Columbus State University Masters Multi-Site Management
Higher ed institutions can setup and manage multiple sites with unique requirements using OU Campus.
OU Campus allows institutions to work with templates across multiple sites to provide design consistency.
Institutions can manage users, groups, and permissions using workflow in OU Campus.
For Columbus State University (CSU), the multitude of degree offerings brought about a plethora of university websites—155 to be exact. Jay Knape, Manager of Web Development at CSU, was looking to unify these sites to create consistency, share content, and enhance university branding.
Just 100 miles southwest of Atlanta, Columbus State University was founded in 1958 and is a member of the University System of Georgia, enrolling more than 8,200 students in a wide variety of degree programs, from online degrees to a doctorate in education.
According to Jay, “The ability to effectively manage all of these separate sites can positively or negatively affect the institution’s image and its ability to recruit students and influence parents, so it was important that CSU get this right.” Columbus State successfully undertook this task, effectively bringing under management more than 125 separate websites using OmniUpdate’s web content management system (CMS), OU Campus™.
Before implementing OU Campus, the CSU institutional website was a patchwork of separate college, department, and location sites. The small University Information and Technology Services Department, with only three staff members and three student assistants, could not keep up with the demand for service. Individual websites were easily corrupted. Anyone who tried to edit the content of a page had access to the entire page’s HTML. And those who had little knowledge of HTML could accidentally modify a small piece of code, which would then translate into a major site inconsistency.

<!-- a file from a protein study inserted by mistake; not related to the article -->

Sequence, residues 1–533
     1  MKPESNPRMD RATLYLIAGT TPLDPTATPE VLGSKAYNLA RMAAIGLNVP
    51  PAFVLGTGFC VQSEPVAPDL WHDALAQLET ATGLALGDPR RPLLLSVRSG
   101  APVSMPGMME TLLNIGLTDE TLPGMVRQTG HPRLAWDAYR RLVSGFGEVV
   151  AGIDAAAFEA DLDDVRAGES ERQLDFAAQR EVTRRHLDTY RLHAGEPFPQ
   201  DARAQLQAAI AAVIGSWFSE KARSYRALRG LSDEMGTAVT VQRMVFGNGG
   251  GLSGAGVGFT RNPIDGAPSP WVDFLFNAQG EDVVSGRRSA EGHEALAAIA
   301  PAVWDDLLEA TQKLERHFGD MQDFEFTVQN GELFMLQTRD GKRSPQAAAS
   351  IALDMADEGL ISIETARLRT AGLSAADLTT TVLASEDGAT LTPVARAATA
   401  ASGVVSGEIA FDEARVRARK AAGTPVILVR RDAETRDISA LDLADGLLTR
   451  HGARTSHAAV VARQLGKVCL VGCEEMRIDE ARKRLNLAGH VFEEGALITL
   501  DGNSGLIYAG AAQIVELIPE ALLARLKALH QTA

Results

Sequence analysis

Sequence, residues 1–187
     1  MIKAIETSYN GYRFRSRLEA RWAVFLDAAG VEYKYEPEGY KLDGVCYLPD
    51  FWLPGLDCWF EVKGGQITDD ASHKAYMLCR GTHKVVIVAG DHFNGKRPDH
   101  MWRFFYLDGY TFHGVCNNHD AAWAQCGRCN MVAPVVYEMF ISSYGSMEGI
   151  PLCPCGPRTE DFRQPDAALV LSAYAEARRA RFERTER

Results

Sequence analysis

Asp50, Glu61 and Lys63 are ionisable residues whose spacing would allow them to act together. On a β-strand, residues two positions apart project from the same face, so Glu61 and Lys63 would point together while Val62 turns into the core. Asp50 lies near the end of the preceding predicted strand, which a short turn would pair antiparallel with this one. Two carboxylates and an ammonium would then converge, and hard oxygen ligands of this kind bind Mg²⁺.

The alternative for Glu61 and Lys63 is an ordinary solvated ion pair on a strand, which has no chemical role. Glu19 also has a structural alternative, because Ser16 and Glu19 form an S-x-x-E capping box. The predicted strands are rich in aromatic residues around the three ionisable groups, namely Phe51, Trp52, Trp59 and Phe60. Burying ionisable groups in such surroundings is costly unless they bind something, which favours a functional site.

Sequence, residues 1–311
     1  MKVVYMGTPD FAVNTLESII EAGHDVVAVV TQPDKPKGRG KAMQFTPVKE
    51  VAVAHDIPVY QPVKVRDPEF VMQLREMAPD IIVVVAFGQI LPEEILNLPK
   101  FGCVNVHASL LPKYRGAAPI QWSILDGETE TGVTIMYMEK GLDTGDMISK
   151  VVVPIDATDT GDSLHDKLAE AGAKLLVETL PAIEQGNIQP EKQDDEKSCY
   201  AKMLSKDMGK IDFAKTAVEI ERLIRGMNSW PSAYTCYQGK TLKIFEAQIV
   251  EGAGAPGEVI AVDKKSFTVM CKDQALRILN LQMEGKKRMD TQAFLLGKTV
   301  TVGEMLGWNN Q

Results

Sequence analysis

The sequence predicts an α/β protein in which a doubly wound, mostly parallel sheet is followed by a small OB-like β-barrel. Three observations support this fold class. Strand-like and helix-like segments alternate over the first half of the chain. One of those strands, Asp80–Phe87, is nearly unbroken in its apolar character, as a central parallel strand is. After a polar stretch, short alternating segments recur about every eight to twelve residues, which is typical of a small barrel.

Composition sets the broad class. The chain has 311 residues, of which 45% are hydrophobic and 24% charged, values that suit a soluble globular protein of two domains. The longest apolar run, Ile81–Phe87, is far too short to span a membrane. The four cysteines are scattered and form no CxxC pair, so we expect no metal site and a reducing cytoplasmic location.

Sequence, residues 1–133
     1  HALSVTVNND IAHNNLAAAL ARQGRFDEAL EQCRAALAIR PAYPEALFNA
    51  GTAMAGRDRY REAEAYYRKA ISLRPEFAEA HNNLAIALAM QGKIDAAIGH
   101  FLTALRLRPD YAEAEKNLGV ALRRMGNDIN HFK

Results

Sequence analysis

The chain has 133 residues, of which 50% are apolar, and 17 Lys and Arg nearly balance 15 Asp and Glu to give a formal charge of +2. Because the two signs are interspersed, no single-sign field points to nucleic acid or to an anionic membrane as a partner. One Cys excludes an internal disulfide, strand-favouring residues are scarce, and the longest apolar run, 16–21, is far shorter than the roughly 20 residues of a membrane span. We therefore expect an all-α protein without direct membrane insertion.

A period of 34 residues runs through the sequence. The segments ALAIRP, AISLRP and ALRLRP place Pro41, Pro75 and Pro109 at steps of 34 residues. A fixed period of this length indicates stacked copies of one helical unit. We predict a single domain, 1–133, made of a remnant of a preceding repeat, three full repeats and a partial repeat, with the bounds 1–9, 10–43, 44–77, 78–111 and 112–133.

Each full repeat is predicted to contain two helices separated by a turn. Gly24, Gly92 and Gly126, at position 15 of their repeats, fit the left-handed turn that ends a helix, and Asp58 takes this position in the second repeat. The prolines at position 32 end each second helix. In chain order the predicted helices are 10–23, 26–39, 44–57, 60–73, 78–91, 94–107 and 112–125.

Gaining Control through CMS Implementation
When OU Campus was implemented, six basic templates were created using CSS to control the color and graphics. The CMS users were given an account and then assigned to a group. Groups were then assigned to the sites they were allowed to manage and maintain. The organizational structure used to keep the sites orderly consisted of a series of folders, with all basic templates being stored in a master folder. The easy-to-use templates provided CSU’s sites with a cohesive look. The folder set-up allowed for easy management of various sites related to the university, while only letting select people have site permissions. Finally, a customized CMS WYSIWYG toolbar to control editing options was provided to the groups and users. Thus, site inconsistencies were reduced and effective workflows were enhanced.
Today, CSU has more than 250 content contributors using OU Campus. Overall, the CMS has allowed the university to improve site appeal to prospective students and parents, make navigation around the site easier, and create a more effective workflow management system for CSU staff.
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